Tel Aviv’s Habima company was performing Shakespeare’s The Merchant Of Venice last night when demonstrators among the audience unfurled banners and displayed a Palestinian flag.
A silent protest descended into chaos with scuffles breaking out as security staff moved in to remove around 20 people.
Florence Hartley, 24, one of the demonstrators, said: “There were some of us on ground level by the stage and more people in the balcony. We took our banners out and many of us had tape over our mouths. It was a silent protest.
“But once the security staff moved in I was knocked to the floor and they had to drag me out. Some of the audience were shouting ‘scum’ at us.”
One man was arrested on suspicion of assault on a security guard and remains in police custody, Scotland Yard said.
Two more protesters were removed shortly after the interval.
The theatre, which is showing 37 of Shakespeare’s plays performed in 37 languages over six weeks as part of the Globe to Globe festival, had taken extra measures to minimise disruption during the controversial performances.
A spokeswoman said: “We were advised to hold airport-style security checks as the audience entered the theatre.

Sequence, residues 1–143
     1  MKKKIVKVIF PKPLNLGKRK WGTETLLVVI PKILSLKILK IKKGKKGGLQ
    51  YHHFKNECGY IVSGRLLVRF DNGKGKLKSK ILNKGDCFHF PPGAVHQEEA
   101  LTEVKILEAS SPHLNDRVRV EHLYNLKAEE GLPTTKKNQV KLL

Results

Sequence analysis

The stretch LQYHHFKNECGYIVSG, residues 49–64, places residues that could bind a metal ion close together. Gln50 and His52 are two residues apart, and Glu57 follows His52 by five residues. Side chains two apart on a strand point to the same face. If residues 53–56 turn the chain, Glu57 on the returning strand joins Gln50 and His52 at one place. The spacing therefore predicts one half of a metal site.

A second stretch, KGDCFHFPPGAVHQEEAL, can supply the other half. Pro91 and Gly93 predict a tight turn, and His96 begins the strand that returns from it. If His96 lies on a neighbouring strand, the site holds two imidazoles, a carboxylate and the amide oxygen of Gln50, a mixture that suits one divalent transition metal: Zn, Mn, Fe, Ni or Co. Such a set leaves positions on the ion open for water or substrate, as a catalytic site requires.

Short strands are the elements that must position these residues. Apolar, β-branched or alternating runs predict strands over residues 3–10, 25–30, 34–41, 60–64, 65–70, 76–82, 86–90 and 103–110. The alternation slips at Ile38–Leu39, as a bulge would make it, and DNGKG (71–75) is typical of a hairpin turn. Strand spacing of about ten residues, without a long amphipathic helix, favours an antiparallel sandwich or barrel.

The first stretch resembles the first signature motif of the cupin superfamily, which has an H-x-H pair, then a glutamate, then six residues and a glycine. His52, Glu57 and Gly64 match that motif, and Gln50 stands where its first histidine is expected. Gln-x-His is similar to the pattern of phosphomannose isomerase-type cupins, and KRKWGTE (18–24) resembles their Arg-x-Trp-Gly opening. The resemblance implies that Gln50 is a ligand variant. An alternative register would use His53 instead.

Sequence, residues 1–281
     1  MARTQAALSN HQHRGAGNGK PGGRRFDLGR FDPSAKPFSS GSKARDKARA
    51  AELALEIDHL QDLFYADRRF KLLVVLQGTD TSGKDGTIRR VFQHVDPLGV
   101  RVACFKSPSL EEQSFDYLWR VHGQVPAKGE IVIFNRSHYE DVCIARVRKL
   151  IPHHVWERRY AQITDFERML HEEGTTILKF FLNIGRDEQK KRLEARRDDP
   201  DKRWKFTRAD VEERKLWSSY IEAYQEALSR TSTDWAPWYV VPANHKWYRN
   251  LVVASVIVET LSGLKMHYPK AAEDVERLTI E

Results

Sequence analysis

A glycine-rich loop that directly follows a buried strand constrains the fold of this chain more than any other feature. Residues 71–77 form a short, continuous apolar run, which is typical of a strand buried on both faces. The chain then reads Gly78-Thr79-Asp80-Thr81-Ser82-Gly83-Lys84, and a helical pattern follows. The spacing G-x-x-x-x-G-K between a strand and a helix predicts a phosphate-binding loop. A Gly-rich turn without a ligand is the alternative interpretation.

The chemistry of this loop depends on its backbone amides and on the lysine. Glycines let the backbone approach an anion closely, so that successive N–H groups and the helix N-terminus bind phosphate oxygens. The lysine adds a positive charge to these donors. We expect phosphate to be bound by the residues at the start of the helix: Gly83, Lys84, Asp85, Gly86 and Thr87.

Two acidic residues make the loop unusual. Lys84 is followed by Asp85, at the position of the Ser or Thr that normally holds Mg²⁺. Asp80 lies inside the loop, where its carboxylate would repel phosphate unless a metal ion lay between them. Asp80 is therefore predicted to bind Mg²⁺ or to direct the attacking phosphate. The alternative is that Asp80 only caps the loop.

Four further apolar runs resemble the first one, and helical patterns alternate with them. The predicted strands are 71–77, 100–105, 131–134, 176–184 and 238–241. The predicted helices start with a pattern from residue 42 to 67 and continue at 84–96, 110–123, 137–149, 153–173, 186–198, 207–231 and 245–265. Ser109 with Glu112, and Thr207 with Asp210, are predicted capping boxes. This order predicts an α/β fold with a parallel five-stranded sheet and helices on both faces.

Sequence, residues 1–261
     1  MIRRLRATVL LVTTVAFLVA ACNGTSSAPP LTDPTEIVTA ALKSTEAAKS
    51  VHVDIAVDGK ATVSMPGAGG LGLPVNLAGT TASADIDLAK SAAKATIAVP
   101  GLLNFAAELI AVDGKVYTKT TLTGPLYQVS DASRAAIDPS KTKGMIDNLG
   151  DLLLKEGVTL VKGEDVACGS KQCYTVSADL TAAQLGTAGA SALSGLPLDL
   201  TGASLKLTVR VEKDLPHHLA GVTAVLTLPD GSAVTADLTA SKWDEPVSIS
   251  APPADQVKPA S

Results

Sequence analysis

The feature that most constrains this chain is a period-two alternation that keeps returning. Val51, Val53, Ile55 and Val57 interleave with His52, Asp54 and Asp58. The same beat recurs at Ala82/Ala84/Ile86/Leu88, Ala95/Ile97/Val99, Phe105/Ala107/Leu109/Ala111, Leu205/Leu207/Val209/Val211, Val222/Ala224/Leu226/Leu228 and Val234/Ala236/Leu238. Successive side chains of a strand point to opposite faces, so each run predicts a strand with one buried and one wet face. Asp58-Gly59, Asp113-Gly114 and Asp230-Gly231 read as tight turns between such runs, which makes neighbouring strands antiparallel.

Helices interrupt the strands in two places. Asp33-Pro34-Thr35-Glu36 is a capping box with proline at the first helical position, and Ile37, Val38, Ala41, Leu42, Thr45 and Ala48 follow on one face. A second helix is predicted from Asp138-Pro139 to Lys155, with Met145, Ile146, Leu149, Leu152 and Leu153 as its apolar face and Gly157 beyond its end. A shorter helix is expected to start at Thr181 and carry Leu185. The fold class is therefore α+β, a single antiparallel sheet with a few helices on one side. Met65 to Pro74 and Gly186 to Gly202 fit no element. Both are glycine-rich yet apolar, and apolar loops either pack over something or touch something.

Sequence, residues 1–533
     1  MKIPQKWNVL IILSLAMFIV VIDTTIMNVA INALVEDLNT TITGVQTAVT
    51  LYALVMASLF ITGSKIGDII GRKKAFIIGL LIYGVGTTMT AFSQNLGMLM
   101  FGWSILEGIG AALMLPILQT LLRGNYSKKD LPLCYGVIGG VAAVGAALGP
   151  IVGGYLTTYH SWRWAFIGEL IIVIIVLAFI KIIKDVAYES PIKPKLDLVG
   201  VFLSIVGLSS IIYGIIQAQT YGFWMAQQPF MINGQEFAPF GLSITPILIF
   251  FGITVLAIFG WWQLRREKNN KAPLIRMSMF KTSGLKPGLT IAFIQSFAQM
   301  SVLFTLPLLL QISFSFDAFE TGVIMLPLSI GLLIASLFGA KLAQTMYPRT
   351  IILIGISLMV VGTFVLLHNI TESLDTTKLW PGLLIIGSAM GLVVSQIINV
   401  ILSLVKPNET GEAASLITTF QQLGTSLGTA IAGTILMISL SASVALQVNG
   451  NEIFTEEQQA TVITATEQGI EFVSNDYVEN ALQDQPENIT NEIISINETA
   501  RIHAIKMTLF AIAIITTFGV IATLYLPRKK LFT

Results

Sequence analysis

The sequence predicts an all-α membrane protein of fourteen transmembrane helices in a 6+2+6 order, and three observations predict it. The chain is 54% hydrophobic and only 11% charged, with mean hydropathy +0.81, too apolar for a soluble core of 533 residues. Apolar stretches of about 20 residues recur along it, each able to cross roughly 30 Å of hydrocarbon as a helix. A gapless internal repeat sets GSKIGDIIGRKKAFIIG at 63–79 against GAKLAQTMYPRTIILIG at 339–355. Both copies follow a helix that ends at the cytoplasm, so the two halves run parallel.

“We have been aware since January that some people disagree with the Habima company performing, so extra measures were necessary.”
The production will be performed again tonight.
The spokeswoman added: “Last night we did the best we could, the production didn’t have to stop, so we are happy with the way we dealt with the situation. We are ready for mark two tonight.”
The banners the protesters held up in the theatre read “Don’t support apartheid”.
In March nearly 40 high profile names from the theatre world signed an open letter expressing their dismay that the theatre had invited Habima to perform due to their involvement with Israeli settlements in Palestinian territory.
Mike Leigh, Emma Thompson and Dan Calder were among the signatories.
Naomi Wimborne-Idrissi, co-ordinator with the Boycott Israel Network, said: “This campaign is not an attack on individual artists, we are not censoring the content of their work nor are we concerned about their ethnicity or the language they speak.
“This particular group is directly connected to the Israeli state, and whether it is avocados or art, we will boycott them.”
Ofel Neiman, 41, from Israel was among the pro-Palestine protesters outside the theatre before and during last night’s production.
He said: “We are making a stand today against an organisation which is directly involved in Israeli violations of human rights and international law.”
Before the performance around 100 pro-Israeli protesters also gathered outside the theatre.
Solicitor Melvin Berwald, 61, spokesman for the Zionist Federation said: “This is a wonderful cultural event and is about celebrating Jewish culture. The Palestinian company were here a few weeks ago, now it’s Habima’s turn”.
A Metropolitan police spokesman said: “I can confirm that officers arrested a man at 9.15pm on suspicion of assault on a security guard outside the Globe Theatre. He remains in custody.”